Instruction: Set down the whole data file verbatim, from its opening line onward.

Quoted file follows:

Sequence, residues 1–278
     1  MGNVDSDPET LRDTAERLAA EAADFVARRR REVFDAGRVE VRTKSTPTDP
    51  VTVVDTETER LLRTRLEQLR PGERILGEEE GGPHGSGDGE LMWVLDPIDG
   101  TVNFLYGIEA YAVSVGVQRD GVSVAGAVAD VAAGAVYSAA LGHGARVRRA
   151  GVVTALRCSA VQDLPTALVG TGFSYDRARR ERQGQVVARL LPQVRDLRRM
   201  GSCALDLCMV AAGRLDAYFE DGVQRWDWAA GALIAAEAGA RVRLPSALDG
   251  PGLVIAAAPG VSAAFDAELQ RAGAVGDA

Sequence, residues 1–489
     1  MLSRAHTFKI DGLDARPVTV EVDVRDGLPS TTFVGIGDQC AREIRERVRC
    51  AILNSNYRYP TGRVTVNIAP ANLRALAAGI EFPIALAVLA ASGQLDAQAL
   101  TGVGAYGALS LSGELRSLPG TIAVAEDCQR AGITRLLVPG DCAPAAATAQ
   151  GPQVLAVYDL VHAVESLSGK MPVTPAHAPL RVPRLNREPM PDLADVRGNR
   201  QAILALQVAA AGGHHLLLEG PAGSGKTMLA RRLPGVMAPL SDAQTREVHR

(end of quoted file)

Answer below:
Sequence, residues 1–278
     1  MGNVDSDPET LRDTAERLAA EAADFVARRR REVFDAGRVE VRTKSTPTDP
    51  VTVVDTETER LLRTRLEQLR PGERILGEEE GGPHGSGDGE LMWVLDPIDG
   101  TVNFLYGIEA YAVSVGVQRD GVSVAGAVAD VAAGAVYSAA LGHGARVRRA
   151  GVVTALRCSA VQDLPTALVG TGFSYDRARR ERQGQVVARL LPQVRDLRRM
   201  GSCALDLCMV AAGRLDAYFE DGVQRWDWAA GALIAAEAGA RVRLPSALDG
   251  PGLVIAAAPG VSAAFDAELQ RAGAVGDA

Sequence, residues 1–489
     1  MLSRAHTFKI DGLDARPVTV EVDVRDGLPS TTFVGIGDQC AREIRERVRC
    51  AILNSNYRYP TGRVTVNIAP ANLRALAAGI EFPIALAVLA ASGQLDAQAL
   101  TGVGAYGALS LSGELRSLPG TIAVAEDCQR AGITRLLVPG DCAPAAATAQ
   151  GPQVLAVYDL VHAVESLSGK MPVTPAHAPL RVPRLNREPM PDLADVRGNR
   201  QAILALQVAA AGGHHLLLEG PAGSGKTMLA RRLPGVMAPL SDAQTREVHR